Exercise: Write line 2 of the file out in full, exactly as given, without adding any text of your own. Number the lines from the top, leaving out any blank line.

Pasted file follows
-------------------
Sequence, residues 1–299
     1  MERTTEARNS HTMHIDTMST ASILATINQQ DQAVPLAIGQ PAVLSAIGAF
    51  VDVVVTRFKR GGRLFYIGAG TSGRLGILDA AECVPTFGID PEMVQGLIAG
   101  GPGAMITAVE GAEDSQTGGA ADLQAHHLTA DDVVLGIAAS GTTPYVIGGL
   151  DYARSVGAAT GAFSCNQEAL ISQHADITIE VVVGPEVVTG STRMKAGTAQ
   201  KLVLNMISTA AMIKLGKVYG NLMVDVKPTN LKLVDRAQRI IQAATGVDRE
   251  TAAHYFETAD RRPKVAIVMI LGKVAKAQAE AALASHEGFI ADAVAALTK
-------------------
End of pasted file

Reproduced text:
     1  MERTTEARNS HTMHIDTMST ASILATINQQ DQAVPLAIGQ PAVLSAIGAF